I don't paint fixed shadows onto my characters if I can help it, but I figure it's an option if you need it.

lasco
11-19-2004, 01:25 PM
what LW misses the more I find is a serious
edge shader for cartoon / non-realistic renderings.

The edge rendering of the Object properties is quite poor,
the settings to determinate wich edge should or should not
be rendered work rather bad.
On the other hand I don't understand why the edge rendering
option of the Surface Editor does not allow to also render
the polygones themselves, as well as it does not have the
Z-depth decreasing of thickness.

Celshader
11-19-2004, 02:01 PM
Me, I love LightWave Edges. They're so predictable (http://www.celshader.com/gallery/kara/about4.htm) that it's easy for me to model (http://www.celshader.com/gallery/lore/) for them.

I haven't yet tried to go beyond clean, precise, Akira-style ink lines in my celshaded work, though. If I wanted to render out something that looked like the sketchy ink lines of The Triplets of Belleville, my life would get complicated darned quick.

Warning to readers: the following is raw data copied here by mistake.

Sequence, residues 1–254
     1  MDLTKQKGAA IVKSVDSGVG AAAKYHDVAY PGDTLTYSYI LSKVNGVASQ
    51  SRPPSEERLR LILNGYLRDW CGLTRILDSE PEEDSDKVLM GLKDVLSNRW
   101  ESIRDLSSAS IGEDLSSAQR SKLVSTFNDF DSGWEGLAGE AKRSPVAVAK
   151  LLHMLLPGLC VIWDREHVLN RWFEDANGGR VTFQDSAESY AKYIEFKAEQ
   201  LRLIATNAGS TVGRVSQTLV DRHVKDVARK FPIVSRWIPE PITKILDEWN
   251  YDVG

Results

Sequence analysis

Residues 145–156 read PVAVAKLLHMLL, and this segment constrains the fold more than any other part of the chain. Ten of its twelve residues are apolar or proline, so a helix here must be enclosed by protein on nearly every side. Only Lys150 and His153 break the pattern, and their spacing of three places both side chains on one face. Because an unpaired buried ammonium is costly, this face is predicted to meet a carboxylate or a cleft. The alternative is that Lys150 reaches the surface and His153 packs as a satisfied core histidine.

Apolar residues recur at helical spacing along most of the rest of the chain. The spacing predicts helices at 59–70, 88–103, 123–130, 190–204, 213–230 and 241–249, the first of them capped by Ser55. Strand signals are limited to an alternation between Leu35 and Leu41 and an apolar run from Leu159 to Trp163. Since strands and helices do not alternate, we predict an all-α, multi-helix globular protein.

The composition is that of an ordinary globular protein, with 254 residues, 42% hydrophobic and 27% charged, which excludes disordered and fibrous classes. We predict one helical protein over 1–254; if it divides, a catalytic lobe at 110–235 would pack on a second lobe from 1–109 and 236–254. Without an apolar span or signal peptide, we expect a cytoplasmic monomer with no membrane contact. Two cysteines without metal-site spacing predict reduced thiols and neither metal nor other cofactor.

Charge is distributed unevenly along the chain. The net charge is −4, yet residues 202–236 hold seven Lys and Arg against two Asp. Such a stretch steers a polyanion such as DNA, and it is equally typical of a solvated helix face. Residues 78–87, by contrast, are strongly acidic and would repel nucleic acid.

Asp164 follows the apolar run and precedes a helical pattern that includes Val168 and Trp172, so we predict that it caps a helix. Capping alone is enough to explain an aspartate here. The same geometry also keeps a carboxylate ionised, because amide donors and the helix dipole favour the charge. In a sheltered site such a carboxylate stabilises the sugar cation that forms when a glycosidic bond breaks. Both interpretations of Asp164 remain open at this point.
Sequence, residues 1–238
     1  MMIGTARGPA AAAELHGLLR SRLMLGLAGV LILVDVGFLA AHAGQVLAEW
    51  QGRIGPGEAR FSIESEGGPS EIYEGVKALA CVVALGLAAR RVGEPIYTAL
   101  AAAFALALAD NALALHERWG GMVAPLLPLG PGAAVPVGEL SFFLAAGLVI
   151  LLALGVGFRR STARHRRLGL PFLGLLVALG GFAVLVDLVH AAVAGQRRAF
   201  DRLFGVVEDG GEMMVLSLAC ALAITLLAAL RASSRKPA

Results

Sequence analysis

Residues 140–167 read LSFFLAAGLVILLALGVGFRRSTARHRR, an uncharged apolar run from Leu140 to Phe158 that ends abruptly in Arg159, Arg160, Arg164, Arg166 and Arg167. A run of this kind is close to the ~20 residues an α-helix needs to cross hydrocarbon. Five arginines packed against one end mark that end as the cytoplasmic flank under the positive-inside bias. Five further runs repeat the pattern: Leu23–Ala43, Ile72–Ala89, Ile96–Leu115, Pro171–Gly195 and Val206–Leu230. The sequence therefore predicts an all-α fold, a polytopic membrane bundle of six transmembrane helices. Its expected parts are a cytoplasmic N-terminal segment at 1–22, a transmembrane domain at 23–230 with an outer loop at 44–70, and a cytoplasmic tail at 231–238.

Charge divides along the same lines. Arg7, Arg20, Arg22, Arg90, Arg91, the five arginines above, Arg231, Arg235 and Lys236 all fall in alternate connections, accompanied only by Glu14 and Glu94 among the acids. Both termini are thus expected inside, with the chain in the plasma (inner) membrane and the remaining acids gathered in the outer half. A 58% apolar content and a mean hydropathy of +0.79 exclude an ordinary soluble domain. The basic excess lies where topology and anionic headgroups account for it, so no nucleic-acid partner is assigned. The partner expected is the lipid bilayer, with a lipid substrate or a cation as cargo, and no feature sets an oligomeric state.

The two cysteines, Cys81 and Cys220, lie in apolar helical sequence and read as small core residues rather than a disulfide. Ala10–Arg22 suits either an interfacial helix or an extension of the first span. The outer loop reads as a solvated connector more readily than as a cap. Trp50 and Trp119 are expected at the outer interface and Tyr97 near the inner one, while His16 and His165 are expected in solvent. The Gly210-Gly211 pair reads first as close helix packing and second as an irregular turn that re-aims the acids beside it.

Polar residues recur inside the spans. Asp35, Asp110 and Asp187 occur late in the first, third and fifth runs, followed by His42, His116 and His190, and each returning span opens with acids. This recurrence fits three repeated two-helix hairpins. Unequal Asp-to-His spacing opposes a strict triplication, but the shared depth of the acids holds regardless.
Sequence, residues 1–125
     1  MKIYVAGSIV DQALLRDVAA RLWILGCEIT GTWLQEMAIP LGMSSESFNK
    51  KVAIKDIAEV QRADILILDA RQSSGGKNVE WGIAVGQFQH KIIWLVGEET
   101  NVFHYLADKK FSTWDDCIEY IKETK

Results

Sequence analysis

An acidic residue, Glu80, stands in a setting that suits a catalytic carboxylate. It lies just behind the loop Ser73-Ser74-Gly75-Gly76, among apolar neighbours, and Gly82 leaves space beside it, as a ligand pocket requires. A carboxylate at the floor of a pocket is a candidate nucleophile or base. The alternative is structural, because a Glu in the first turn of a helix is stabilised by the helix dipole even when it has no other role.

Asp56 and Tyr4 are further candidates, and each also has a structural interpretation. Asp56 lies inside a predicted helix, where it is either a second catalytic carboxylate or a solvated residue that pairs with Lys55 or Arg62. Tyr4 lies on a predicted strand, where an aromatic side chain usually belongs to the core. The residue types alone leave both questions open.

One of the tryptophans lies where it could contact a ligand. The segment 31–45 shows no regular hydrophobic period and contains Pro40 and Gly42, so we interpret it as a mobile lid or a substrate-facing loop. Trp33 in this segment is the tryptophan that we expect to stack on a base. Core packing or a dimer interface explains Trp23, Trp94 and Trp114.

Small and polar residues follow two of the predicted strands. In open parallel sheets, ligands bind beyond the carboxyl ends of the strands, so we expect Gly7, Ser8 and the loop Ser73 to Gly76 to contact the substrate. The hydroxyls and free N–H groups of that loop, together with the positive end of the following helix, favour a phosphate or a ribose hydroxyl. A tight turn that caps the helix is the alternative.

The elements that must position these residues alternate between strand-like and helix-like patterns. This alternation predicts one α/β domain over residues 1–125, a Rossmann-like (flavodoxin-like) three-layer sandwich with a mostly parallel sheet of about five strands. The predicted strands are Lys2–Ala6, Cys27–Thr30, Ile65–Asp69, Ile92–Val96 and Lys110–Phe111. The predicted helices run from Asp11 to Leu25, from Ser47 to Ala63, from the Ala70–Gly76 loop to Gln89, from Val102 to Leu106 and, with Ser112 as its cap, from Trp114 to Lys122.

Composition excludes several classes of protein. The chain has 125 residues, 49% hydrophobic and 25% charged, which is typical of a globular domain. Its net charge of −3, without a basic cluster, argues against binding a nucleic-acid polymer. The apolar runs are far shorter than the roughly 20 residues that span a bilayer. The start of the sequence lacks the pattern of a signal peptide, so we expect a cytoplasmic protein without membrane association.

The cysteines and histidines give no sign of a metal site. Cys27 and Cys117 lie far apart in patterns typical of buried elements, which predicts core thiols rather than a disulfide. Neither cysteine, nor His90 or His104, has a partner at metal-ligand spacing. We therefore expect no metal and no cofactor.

exit6
11-19-2004, 02:40 PM
The edge rendering of the Object properties is quite poor,
the settings to determinate wich edge should or should not
be rendered work rather bad.

I'm a big fan of the edges. Once you get the hang of them, they're great. I usually set my surface smoothing angle to 22.5, then turn on silhouette and sharp creases and I'm good to go. My only gripe is that the edges don't respond to dissolve envelopes and just pop on or off. This causes me to do several passes of any animations with objects fading in or out.

Exception
11-20-2004, 10:31 AM
How do you guys work around the bugs in the Edge render options? I mean, Unshared edges and Sharp creases don;t work as they are supposed to... What do you use instead?

exit6
11-20-2004, 11:34 AM
Sharp creases is controlled by the surface's smoothing angle. You play with this and it works great. I basically give all my surfaces a smoothing angle of 22.5 and I'm set. But I do mostly mechanical stuff, so organics might be different. Unshared edges baffles me, but I use it on occasion. 90% of the time I use just silhouette and sharp creases. Lately all my work, literally, is set up like this, and the client loves it.

Celshader
11-20-2004, 12:27 PM
How do you guys work around the bugs in the Edge render options? I mean, Unshared edges and Sharp creases don;t work as they are supposed to... What do you use instead?